“Few people have had as great an impact on America’s economy as Yellen, the first woman to serve both as chair of the Federal Reserve and as treasury secretary. In Empathy Economics, Ullmann masterfully traces her rise from precocious Brooklyn schoolgirl to the corridors of power in Washington. Ullmann artfully weaves together Yellen’s life and career, showing how her lived experience informed her view of economic policies that put American families at the forefront. This deeply human portrait brings to life one of the country’s towering trailblazers, who is still paving the way for women in economics and beyond.”—Joanne Lipman, author of That’s What She Said, and former editor-in-chief, USA Today
“Empathy Economics is a terrific read, well researched, and well written. Ullmann captures the characteristics that have made Yellen the leader of three of the nation’s key economic-policy institutions, the Council of Economic Advisers, the Federal Reserve, and the Treasury—the only person to have held all three positions. Yellen combines sharp intelligence, and a deep commitment to fact-based objective economic analysis, with empathy, a big heart, and a deep dedication to public service. She is strong yet humble; she has taken on leadership roles and their onerous 24/7 responsibilities not for prestige or power but to improve the lives of ordinary Americans. No one has brought more knowledge, experience, and empathy to addressing the core economic challenges facing the nation. The book also provides a fascinating history of the evolution of Federal Reserve policy during Yellen’s leadership, including the adoption of an explicit inflation target and greater transparency in Fed decision-making.”—Laura Tyson, distinguished professor, Haas School, University of California; former chair, White House Council of Economic Advisers; and director, White House National Economic Council
“Ullmann’s excellent biography of Yellen documents the origins and trajectory of Yellen’s remarkable career and what lies behind her success—intelligence, diligence, and deeply held values of equity and inclusion that inform the content of her work as well as her working style. A valuable bonus is that Ullmann’s clear explication of the issues that have confronted Yellen provides a thorough overview of the major financial, tax, and growth policies of the past several decades. Yellen’s inspiring story of succeeding in a man’s world to tweak economic policy at the highest levels and achieve positive outcomes for many is a good read. Every economist should apply her values to our discipline and profession to make economics much more useful and humane.”—Heidi Hartman, research professor, George Washington University, and president, Institute for Women’s Policy Research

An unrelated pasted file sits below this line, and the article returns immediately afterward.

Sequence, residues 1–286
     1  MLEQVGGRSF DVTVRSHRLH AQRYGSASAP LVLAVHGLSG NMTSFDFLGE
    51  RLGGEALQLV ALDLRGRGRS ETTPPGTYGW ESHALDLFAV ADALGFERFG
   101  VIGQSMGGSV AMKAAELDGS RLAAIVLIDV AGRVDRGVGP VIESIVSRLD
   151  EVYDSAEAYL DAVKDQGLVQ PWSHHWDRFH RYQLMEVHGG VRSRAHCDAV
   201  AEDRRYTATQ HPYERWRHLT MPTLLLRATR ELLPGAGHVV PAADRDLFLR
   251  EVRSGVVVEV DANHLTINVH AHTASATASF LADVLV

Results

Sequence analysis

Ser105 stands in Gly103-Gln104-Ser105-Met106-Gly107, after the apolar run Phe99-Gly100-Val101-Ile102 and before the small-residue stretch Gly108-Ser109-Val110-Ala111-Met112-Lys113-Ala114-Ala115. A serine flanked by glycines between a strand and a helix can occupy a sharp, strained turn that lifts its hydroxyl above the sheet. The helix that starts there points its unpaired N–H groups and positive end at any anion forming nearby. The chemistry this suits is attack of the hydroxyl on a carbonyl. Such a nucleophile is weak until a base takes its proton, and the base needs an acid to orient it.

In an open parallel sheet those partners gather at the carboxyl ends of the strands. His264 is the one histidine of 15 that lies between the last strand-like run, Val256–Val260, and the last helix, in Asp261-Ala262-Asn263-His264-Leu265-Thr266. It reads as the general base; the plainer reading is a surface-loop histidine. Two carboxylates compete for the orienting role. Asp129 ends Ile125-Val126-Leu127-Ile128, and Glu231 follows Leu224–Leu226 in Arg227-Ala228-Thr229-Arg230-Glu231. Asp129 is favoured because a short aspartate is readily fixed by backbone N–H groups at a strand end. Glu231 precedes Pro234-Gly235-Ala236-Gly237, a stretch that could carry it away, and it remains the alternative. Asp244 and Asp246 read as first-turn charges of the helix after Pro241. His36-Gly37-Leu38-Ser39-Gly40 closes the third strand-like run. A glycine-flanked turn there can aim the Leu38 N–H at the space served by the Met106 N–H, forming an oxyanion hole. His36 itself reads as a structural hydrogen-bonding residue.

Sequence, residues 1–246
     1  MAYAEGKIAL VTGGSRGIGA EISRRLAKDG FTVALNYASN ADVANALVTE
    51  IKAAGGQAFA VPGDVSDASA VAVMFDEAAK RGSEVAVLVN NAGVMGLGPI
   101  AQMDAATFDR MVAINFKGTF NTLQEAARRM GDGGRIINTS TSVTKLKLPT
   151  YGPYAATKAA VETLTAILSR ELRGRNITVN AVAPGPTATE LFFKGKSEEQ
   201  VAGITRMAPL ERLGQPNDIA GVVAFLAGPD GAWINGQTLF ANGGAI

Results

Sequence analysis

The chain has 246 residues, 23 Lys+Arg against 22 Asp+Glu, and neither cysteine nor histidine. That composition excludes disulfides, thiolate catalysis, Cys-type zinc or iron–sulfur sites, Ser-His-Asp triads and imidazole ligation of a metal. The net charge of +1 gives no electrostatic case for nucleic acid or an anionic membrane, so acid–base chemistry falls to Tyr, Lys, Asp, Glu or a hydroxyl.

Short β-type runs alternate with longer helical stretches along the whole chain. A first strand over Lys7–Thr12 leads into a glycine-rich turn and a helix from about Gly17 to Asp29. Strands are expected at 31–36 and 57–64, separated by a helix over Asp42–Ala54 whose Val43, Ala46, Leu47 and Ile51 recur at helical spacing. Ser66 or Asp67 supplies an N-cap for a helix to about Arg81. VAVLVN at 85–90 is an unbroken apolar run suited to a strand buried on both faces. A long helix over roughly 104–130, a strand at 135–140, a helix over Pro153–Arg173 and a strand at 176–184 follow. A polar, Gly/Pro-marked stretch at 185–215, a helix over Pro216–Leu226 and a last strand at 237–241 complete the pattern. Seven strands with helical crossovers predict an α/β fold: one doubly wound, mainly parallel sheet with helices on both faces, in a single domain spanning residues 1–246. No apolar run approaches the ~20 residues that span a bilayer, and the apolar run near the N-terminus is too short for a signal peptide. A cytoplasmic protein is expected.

“Spotlighting Yellen’s empathy, an emotion often missing from the arcane world of economic policy … This is an enlightening study of a trailblazing yet ‘unassuming’ public figure.”—Publishers Weekly
“An admiring portrait…Ullmann explains clearly the economic crises, decisions, and controversies that have marked Yellen’s storied career. A warmly sympathetic, authoritative biography of a true public servant.”—Kirkus
“Empathy Economics is a thorough, well-researched biography of Yellen’s life and career, and also a crash course in the workings of the U.S. financial system… Readers will emerge with a greater understanding of not only Yellen herself, but the system which she has worked for many years to improve—and a deep appreciation of the empathy that informs her policy work and her entire life.”—Shelf Awareness